In 1099 A.D., Godfrey de Bouillon conquered Jerusalem and organised his own “Knights of the Holy Sepulchre to imitate the original Patriarchal Knights. Many of the Orthodox knights were forced to flee and were welcomed into the Eastern Catholic Church (the Church of the East) in the Person Empire. Hence, the establishment of the Eastern Catholic Order of the Knights of the Holy Sepulchre.

The Eastern Catholic Order, similar to the Orthodox Order, is the second oldest Order in the history of the Church. It is similar to the Orthodox and Latin Order in that it is governed by a Prince Grand Mater (The Greek Orthodox Patriarch of Jerusalem is automatically the head of the Orthodox Knights of the Holy Sepulchre) who bestows the ranks of the Knight Grand Collar, the Knight Grand Cross, the Knight Grand Officer, the Knight Commander, and the Knight as well as the ranks of Dame Grand Collar, the Dame Grand Cross, the Dame Commander, and Dame of the Order and the status of “Justice”, “Honour and Devotion”, is designated for members of noble birth. The term “of Grace” is for those admitted to the order from non-noble families. However, by becoming a Knight or Dame of the Order, the candidate becomes an untitled noble. Besides for the laity, priests are admitted to the Order in the capacity of Chaplains and Prelates of the Order.

There are many other latter day existing Order of the Holy Sepulchre awarded by various Christian churches. While their insignia are different, their admirable purposes are the same ideal to honour the Holy Sepulchre of our Lord and Saviour Jesus Christ.

The Sovereign Hospitaller Order of Saint John (Knights of Malta)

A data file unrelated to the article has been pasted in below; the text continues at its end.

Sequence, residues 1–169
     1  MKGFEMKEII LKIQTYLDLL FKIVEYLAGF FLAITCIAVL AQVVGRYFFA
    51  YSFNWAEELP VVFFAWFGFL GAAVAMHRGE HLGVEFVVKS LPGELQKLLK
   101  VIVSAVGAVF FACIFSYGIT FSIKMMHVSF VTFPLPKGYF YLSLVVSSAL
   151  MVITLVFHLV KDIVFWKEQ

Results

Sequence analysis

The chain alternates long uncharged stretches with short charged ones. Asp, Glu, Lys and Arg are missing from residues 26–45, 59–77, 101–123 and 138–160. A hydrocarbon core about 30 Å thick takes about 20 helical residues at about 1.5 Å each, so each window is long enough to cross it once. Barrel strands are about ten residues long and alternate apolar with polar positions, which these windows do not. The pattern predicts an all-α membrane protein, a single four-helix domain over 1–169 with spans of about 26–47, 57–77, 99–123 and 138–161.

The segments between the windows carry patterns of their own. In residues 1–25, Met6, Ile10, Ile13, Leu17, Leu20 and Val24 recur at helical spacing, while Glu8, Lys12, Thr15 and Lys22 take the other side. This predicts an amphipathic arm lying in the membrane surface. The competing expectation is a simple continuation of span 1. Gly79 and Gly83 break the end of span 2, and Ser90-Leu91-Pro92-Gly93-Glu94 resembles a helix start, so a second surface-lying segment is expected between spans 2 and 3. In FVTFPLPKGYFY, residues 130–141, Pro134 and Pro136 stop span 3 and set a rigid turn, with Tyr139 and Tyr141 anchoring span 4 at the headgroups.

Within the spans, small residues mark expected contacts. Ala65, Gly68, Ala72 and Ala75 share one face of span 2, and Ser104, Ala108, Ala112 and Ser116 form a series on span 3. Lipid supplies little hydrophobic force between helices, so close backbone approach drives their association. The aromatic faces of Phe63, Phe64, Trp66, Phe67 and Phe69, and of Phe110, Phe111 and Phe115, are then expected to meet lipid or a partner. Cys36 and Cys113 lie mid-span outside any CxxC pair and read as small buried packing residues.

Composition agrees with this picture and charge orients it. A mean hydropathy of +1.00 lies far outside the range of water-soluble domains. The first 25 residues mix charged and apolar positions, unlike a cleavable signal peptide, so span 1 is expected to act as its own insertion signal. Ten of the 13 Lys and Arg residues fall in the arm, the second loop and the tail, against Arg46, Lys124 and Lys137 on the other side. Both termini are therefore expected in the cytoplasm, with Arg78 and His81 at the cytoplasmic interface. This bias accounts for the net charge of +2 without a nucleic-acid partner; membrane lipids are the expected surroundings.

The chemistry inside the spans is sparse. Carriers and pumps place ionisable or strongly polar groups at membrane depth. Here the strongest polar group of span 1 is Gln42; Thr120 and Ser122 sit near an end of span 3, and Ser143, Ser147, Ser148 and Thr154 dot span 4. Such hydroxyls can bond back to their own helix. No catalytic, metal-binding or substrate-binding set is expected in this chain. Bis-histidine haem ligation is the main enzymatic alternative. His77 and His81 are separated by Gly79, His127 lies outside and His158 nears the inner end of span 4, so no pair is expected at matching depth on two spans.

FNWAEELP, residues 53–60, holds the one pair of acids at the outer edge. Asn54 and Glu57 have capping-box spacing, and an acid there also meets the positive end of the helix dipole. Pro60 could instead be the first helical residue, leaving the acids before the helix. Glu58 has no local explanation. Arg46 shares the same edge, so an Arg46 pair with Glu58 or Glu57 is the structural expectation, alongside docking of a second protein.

In order to assisted the professed members of the Order of Saint John, whether in the care and running of the Hospices of the terminally ill or in the Saint Thomas Homes for the discarded A.I.D.S. new born infants and toddles, the Order of Saint John is supported by the lay knights and dames as well as the auxiliary groups.

The Order was originally founded during the Crusades in order to provide way stations to pilgrims on their pilgrimage to the Holy Land to visit the shrines in Jerusalem. It became a Sovereign Order by decree of the Papacy. The Order was composed of Langues (chapters based upon each country/language) in Europe. It remained sovereign the fall of Malta by Napoleon, when the Knights had to flee; they fled to Russia where they reorganised themselves. Hence, the Langues became prevalent once again. Various branches emerged as a result of the Protestant Reformation which still exit to this day. Other branches existed in exile due to the Communist take over of many of the Eastern Counties.